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Exploring and Developing the Questions Used to Measure the Human–Dog Bond: New and Existing Themes

By Lauren E. Samet, Helen Vaterlaws-Whiteside, Naomi D. Harvey, Melissa M. Upjohn, Rachel A. Casey

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Dogs play an important role in many western societies, providing companionship, emotional support, and assistance, as well as other more specialist roles. The literature reveals that many human–animal interaction (HAI) questionnaires exist to measure the human–dog bond (HDB). The first part of this study assessed how far existing questionnaires went in measuring HDB (defined as the unique, dynamic and reciprocated relationship between a person and dog, one in which each member can influence the other’s psychological and physiological state). A systematic literature review revealed that a common limitation in HDB questionnaires was a lack of questions based on the dog’s investment in the bond and, therefore, a failure to measure the two-way characteristic of the HDB. This led to the second part of the study: to identify novel themes relating to dog investment in the HDB from which new tool questions could be developed. This was investigated qualitatively using twelve semi-structured interviews on HDB, undertaken with participants from a variety of dog–guardian relationship types. HDB themes that emerged included ‘adaptation’, ‘understanding of a dog’s preferences, likes, and dislikes’, and ‘affirmation’. Subthemes included ‘boundaries’ and ‘expectations’ (within adaptation), ‘excitement’, ‘proximity’, ‘affection’, and ‘recall’ (within affirmation). The themes that arose provide a foundation from which to build new lines of questioning within HDB tools. Such questioning can better represent a dog’s investment in the HDB and, therefore, help create tools that reflect the reciprocal nature of a bond more accurately.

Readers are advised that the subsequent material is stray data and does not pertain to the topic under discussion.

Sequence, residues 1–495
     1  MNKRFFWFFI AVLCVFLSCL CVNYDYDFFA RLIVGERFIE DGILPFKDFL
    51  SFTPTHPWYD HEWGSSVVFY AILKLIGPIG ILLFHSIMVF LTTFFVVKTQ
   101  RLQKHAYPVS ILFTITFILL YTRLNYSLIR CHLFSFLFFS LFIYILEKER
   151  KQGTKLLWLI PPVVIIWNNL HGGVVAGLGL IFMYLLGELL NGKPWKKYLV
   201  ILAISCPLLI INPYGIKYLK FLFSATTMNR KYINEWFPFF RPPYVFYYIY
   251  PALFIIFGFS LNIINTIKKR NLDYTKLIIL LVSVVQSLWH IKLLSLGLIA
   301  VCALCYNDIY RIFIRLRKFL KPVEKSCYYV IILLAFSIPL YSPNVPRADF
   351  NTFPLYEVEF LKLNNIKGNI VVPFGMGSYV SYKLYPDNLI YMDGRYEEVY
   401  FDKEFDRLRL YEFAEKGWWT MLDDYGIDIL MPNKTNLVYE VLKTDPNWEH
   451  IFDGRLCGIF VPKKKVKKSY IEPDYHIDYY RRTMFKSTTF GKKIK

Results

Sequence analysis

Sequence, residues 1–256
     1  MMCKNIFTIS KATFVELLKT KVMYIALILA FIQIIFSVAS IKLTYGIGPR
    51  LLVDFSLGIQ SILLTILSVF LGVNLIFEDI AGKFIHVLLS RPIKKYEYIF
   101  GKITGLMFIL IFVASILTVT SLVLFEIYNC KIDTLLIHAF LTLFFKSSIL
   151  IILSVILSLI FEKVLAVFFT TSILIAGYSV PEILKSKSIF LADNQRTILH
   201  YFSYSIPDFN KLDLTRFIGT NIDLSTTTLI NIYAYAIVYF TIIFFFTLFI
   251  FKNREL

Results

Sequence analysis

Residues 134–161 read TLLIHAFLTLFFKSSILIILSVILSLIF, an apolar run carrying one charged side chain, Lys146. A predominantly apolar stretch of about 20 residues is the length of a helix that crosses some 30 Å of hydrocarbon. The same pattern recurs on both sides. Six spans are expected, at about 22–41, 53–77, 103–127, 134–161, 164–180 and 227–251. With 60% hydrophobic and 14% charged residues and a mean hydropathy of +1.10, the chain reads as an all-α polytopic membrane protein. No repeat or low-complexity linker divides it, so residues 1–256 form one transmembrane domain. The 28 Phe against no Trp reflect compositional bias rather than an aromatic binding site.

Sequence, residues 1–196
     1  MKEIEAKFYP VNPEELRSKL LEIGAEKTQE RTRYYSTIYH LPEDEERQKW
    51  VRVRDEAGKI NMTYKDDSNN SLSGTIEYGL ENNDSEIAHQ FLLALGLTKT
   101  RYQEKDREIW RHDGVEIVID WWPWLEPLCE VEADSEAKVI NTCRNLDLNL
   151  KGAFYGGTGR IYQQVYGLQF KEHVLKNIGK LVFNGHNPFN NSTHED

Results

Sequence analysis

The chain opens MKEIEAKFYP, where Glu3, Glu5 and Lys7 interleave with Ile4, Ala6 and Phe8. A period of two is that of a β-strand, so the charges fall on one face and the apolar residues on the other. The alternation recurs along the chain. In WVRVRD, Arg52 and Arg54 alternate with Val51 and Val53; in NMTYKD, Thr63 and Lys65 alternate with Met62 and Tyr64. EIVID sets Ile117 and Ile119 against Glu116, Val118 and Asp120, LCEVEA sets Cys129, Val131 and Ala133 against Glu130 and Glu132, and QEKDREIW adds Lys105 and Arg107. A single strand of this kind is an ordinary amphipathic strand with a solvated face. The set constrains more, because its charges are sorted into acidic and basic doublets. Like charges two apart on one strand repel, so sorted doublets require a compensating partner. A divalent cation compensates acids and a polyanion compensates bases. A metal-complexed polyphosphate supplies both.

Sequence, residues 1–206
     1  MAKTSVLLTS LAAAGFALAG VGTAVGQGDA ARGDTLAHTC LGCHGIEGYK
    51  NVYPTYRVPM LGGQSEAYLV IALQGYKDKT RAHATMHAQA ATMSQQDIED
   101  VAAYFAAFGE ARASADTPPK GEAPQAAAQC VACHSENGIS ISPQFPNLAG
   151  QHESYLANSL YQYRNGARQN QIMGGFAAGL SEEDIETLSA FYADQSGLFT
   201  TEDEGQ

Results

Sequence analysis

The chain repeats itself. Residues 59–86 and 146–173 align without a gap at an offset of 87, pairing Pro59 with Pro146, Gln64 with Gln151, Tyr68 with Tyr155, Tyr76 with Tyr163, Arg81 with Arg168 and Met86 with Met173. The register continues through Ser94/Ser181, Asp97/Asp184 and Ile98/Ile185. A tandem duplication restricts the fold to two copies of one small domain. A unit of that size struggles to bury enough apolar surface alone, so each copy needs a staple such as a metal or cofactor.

Date 2022
Publication Title Animals
Volume 12
Issue 7
Pages 805
ISBN/ISSN 2076-2615
DOI 10.3390/ani12070805
Language English
Additional Language English
Cite this work

Researchers should cite this work as follows:

  1. Dogs
  2. Human-animal interactions
  3. open access
  4. Questionnaires
  1. open access